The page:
NASA releases a new map of America showing local carbon emissions; Texas leads

"If They Can Make CO2 Fly, Oxygen Is Next !Just how stupid are we ?"

"Consider the top three counties," says Kevin Gurney, referring to Harris, Texas, Los Angeles, California, and Cook County, Illinois. "Around Houston, it's industrial emissions that pushes them to the top of the list. In Los Angeles, it's cars. In Chicago, it's residential and commercial heating—because the temperatures are cold and the houses and buildings are old."

The Vulcan Project maps American carbon dioxide emissions. The map shows annual emissions in 2002 (kilotons of carbon) from urban centers (larger red patches), widely scattered point sources like remote power stations or smelters (small red dots), and highways. (Map by Jesse Allen, based on data from the Vulcan Project.)
For the first time, one can have a whole view of America's carbon output: region by region, city by city. The Vulcan Project has undertaken a holistic inventory—including electricity, heat, transportation, and industry—of local carbon emissions across the nation to create the first carbon map of America. Texas leads the fifty states, and the county of Harris, Texas (encompassing Houston) records the nation's largest emissions by county. Although Texas is second in population after California, its massive industry puts it over the top.

The Vulcan Project, named after the Roman god of fire, found that different areas have different reasons for being at the top of the list.

He's Just a Redheaded Kid in College Most of His Young Life .
Dr. Kevin Gurney Assistant Professor
Associated Website(s): Carbon Group, Purdue Climate Change Research Center (PCCRC)

Ph..D. 2004 - Ecology, Colorado State University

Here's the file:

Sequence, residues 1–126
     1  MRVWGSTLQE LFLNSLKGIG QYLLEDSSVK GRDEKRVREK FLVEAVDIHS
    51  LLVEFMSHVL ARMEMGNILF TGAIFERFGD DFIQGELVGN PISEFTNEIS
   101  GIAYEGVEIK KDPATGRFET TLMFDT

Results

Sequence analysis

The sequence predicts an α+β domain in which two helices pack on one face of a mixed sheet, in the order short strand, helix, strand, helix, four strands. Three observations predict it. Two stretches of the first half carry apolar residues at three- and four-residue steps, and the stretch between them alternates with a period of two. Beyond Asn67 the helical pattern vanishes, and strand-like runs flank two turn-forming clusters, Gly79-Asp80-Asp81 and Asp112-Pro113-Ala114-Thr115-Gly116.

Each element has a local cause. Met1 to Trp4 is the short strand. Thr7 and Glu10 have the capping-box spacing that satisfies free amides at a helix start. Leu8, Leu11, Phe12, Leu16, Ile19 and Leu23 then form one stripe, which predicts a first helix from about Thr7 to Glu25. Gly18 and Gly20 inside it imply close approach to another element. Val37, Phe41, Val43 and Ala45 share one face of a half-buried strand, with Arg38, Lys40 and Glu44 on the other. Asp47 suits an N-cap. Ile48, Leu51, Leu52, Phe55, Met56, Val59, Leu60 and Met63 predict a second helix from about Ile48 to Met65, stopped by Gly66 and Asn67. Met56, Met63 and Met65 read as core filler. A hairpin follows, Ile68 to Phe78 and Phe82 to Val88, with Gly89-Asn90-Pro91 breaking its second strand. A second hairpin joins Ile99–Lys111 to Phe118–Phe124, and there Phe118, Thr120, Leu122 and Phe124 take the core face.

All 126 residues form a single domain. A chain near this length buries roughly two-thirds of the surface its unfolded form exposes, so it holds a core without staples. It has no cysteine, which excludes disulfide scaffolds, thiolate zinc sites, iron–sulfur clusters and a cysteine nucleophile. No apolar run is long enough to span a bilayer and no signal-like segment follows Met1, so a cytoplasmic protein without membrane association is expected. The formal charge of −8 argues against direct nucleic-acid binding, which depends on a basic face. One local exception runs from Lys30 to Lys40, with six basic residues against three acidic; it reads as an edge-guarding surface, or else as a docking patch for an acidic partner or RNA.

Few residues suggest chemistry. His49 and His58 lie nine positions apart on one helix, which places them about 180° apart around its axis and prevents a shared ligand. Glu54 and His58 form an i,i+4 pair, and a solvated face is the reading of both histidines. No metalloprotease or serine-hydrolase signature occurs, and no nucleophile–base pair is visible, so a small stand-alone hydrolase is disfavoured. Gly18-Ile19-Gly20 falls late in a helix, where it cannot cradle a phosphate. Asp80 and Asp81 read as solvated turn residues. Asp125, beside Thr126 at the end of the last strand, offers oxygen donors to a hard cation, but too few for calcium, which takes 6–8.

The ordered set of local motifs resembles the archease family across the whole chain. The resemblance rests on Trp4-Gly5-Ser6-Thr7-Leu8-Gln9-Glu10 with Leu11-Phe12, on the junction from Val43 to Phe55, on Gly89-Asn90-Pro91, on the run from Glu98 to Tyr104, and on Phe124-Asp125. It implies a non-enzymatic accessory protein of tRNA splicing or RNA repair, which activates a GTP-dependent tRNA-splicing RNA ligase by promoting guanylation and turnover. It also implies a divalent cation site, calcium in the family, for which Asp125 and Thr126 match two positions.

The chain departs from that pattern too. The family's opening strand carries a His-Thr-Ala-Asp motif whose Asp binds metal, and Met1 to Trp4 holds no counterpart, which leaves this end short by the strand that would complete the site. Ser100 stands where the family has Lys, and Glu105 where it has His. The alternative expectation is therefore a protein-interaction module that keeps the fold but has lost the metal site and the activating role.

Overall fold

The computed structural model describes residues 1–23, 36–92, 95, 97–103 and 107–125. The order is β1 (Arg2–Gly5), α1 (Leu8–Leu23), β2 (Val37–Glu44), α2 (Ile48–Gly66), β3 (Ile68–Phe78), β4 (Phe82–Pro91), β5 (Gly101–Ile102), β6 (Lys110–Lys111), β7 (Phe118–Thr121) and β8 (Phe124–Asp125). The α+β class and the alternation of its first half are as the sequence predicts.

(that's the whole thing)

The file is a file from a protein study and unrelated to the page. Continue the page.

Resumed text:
M.P.P 1996 - University of California, Berkeley
S.M. 1990 - Massachussetts Institute of Technology
B.A. 1986 - University of California, Berkeley

Research Interests

I am interested in quantification and mechanistic exploration of the global carbon cycle with emphasis on exchanges of CO2 with the terrestrial biosphere and the fossil fuel sources of CO2 to the atmosphere. The future evolution of the global carbon cycle and how the terrestrial biosphere and fossil fuel emissions respond to a warming world are fundamental to climate change research and require delving into the physical and human aspects of the carbon/climate nexus. In addition to my science research, I have also continued work in the area of climate change policy through research on those aspects of the Kyoto Protocol that relate to the carbon cycle with particular emphasis on carbon sequestration and deforestation.
NASA CARBON/04-0325-0167: PI, US $746,260 (3 years), “High-resolution fossil fuel emission estimates in support of NACP CO2 measurement and assimilation systems”

Showalter Trust award in support of the Hestia Project, PI, “Etna” pilot, US $74,591

Knauf Insulation , Inc gift in support of the Hestia Project, PI, “Etna” pilot, US $75,000

DOE: PI, US $373,388 (3 years), “Exploration of the mechanistic relationship between improved regional North American inverse carbon fluxes and climate variability/trends”

NASA, co-PI, US $20,551 (1 year), “Resolving net CO2 exchange in the mid-continent region of North America by comparing and reconciling results from inverse modeling and inventory-based approaches”

DOE: PI, US 332,593 (3 years), “Impacts of high resolution extreme events on US energy demand and CO2 emissions in the 21st century” with Purdue PI Noah Diffenbaugh